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new gene

Catalogue: Ground Cover
Scientists in Perth have found a novel way to control two costly and damaging fungal diseases of wheat - but in a way that will not involve any new chemicals or added costs to growers... The fungi reactivate and recruit these obsolete genes, using them, in effect, as 'zombies', to damage the plant so the fungi can invade and infect the leaves, subsequently reducing photosynthesis and grain yield... Researchers have found no yield penalty associated with disease insensitivity (arising from the elimination of Tsn1 from cultivars) as there can be with varieties bred with disease resistance, which is why some growers still risk growing susceptible varieties...
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Catalogue: Ground Cover
Dr Marcroft says the spores that attack crops each year are produced on canola stubble in the previous summer and autumn... "When you sow a canola variety, you will inevitably be selecting for blackleg spores that are able to attack the resistance genes in that variety," Dr Marcroft says... "The project has just started but we have tested the screening method in a shade house in Horsham and it works," Dr Marcroft says...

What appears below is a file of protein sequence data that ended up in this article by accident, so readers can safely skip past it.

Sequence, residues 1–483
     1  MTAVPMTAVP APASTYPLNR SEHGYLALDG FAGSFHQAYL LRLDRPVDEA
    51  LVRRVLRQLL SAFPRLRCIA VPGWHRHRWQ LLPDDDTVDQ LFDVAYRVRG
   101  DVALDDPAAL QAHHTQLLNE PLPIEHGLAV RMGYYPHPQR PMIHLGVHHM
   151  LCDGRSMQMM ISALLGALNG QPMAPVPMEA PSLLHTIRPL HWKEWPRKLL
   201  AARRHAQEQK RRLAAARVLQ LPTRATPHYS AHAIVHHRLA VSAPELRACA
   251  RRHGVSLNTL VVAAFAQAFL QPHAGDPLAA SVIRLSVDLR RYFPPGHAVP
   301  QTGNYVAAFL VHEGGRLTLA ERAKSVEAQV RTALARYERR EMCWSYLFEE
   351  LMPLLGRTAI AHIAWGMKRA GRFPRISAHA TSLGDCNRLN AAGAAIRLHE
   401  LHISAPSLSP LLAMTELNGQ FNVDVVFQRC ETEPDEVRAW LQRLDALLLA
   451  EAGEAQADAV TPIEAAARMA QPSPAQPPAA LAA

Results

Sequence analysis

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Catalogue: Ground Cover
Middle: Leaf rust pustules are smaller than stem rust and rarely appear on the back of the leaf... It is unlikely that all growers will apply adequate fungicide at the first sign of rust and keep the infection sufficiently under control so that the disease will not spread to neighbouring properties... Equally it is unrealistic to expect that all growers will sufficiently monitor or destroy volunteers growing between seasons to ensure that those volunteers will not harbour rust infections which may be responsible for starting new epidemics...
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Catalogue: Ground Cover
A new cache of rust-resistance genes has been identified in durum wheat.. The new sources will increase diversity for rust resistance in modern varieties - By Dr Gio Braidotti.. Arthur Ernest Watkins may not have the posthumous name recognition of William Farrer but is belatedly leaving his mark on the world, thanks to a treasure trove of rust-resistance genes he left to wheat scientists and a modern world desperate to renew rust defences in wheat, especially against stem rust...
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